November 1, 2019
The Houston Chronicle | By Ann Lents, Phoebe Tudor and Steven B. Jenkins
Whether you visit green spaces for daily exercise, are taking a young family on a daytrip, or are a retiree taking that tour of Texas you always dreamed of, our local parks, state parks, and historical sites are an affordable way for Houstonians to enjoy the great outdoors together.
This Election Day, voters here in Houston and across Texas have a historic opportunity to protect these beautiful outdoor spaces and make them accessible for generations to come.
Our local parks, state parks and historical sites are among our treasured spaces, providing recreation for our families and preserving our heritage so that we can always remember what makes Texas unique and great.
However, if we’re being honest, most of these spaces are woefully underfunded.
From 1993 to 2017, the state collected nearly $2.5 billion in revenues from the Sporting Goods Sales Tax, which was originally meant to fund the parks. Unfortunately, however, most of that money was used to fill in gaps elsewhere in the state budget. Today there are more than 610 specific deferred maintenance-related priorities at our state parks, estimated to cost more than $800 million. New state park openings that were slated to happen this year have had to be delayed.
The good news is that the Texas Legislature this year passed bipartisan legislation that would amend the state constitution so that all of the Sporting Goods Sales Tax must be appropriated to our state parks and historical sites.
Closer to home, the state has a grants program available to all our local parks systems. Through this grant program, the city of Houston Parks and Recreation Department, Harris County Parks, Pearland, Pasadena and other city parks – virtually all park systems in Houston, Harris County and the state – will be eligible for funding to support their efforts to maintain the green space vital to our region. The grants program could bring significant funding to our area.
This is where we, the voters, come in. On Nov. 5, Texans head to the polls. Ten proposed constitutional amendments are on the ballot, and Proposition 5 is one they should support, especially for those of us here in the Houston area.
Proposition 5 will ensure that revenue from the Sporting Goods Sales Tax can only be used by the Texas Parks and Wildlife Department and the Texas Historical Commission on public parks and historic sites, and not for any other purposes.
Proposition 5 amendment will protect Texas’ natural areas and historic sites, so that we don’t lose the very things that make Texas such a special place to live — the things that we want our children and their children to have, so that they can make their own memories in these beautiful, protected spaces.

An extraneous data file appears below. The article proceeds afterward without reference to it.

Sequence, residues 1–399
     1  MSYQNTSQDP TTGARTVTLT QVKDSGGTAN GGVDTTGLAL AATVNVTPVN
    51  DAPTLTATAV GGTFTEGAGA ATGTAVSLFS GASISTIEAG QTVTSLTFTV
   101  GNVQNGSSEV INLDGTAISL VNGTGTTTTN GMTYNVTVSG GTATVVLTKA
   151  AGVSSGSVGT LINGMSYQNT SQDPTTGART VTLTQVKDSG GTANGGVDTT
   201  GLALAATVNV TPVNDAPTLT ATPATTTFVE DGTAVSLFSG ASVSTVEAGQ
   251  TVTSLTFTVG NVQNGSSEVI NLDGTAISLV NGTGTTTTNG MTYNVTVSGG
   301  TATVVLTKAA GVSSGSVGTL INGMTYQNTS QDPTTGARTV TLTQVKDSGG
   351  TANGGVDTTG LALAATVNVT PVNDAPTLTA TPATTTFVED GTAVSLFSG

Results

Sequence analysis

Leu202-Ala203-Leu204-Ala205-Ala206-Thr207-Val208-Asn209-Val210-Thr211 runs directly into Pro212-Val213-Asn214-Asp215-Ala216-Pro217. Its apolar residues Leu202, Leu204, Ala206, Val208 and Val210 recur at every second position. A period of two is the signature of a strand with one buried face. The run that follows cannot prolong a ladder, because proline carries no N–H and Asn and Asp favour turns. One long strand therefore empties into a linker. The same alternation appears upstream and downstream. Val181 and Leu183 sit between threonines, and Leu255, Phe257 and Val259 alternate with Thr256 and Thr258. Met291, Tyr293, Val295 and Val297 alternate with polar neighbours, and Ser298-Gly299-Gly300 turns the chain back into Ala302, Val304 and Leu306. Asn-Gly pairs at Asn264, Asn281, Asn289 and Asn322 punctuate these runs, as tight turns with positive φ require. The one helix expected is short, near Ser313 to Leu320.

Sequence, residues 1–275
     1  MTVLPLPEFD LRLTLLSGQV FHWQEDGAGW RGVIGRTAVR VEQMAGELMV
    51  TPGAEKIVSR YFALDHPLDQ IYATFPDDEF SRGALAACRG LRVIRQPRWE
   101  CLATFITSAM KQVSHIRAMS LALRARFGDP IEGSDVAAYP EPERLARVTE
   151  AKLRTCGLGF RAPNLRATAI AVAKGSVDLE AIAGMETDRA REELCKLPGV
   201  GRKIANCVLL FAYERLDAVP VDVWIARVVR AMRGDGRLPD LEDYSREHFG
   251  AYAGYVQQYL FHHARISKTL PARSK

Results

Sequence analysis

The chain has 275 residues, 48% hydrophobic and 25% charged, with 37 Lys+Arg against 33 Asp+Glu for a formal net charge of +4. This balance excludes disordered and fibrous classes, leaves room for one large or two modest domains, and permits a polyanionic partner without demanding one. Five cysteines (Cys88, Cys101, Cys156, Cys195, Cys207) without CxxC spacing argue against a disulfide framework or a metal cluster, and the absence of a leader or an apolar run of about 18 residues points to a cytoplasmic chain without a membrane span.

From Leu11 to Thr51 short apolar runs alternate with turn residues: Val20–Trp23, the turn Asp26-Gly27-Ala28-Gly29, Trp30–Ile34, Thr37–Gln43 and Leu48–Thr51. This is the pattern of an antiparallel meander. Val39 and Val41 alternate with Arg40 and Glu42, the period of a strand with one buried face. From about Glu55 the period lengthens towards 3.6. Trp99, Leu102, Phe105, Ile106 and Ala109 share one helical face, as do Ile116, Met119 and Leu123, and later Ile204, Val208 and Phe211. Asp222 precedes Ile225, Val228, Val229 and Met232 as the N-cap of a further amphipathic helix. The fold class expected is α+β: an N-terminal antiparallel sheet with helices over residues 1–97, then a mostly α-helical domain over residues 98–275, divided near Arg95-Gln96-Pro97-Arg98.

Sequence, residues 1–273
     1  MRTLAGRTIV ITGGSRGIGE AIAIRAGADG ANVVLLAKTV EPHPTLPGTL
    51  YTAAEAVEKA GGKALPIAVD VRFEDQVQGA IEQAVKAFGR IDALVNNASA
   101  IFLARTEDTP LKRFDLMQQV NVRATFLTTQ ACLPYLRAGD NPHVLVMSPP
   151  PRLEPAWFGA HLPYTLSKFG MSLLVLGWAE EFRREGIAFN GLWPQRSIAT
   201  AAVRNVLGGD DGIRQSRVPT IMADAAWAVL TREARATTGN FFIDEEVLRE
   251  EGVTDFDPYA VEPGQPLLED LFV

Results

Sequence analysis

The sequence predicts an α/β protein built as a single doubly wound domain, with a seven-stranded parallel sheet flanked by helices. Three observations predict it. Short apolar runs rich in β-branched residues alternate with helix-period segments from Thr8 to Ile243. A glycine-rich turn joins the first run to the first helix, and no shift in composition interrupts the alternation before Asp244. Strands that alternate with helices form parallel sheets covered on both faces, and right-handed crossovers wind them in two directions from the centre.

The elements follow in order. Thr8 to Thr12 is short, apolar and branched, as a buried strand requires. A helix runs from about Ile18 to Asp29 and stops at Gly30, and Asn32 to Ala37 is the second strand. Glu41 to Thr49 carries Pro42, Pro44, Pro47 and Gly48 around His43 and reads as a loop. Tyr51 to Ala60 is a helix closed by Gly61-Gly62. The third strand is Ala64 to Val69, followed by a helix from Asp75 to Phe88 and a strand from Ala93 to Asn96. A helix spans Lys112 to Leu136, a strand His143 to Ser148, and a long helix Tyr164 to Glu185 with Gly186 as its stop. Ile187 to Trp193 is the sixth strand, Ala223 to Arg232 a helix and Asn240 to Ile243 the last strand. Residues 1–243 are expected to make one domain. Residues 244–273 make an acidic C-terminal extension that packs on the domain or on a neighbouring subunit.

We should also note that, in addition to contributing to our health and well-being, parks are a key economic driver, creating growth and economic opportunity for Texans across the state. Nearly 10 million people (including an exploding population of city- and suburb- dwellers seeking some respite from the sprawling Houston area) visit our state parks each year, and these parks generate nearly $900 million in sales, impacting local economies, creating jobs, growing tax revenue, and attracting visitors from across the state and around the country.
Sustainable, consistent funding through Proposition 5 is the economically smart way to ensure our parks endure for years to come and benefit all Texans.
It’s up to us now. We urge you to vote YES on Proposition 5 on the ballot. Let’s invest long-term in our economy and in our Texas heritage and culture.
Jill Boullion, Executive Director, Bayou Land Conservancy
Sarah P. Bernhardt, Ph.D., President & Chief Executive Officer, Bayou Preservation Association
Anne Olson, President, Buffalo Bayou Partnership
Barry Mandel, President & Park Director, Discovery Green
Lucy Bremond, Executive Director, Emancipation Park Conservancy
Bob Stokes, President, Galveston Bay Foundation
Kelly Snook, Executive Director, Greens Bayou Coalition
Doreen Stoller, President, Hermann Park Conservancy
Debbie Markey, Executive Director, Houston Arboretum & Nature Center
Beth White, President and CEO, Houston Parks Board
Deborah January-Bevers, President & CEO, Houston Wilderness
Mary Anne Piacentini, President and CEO, Katy Prairie Conservancy
Shellye Arnold, President & CEO, Memorial Park Conservancy
Ann Lents is on the board of Houston Parks Board, Phoebe Tudor is on the board of Hermann Park Conservancy and Houston Parks Board, and Steven B. Jenkins is board chairman of Memorial Park Conservancy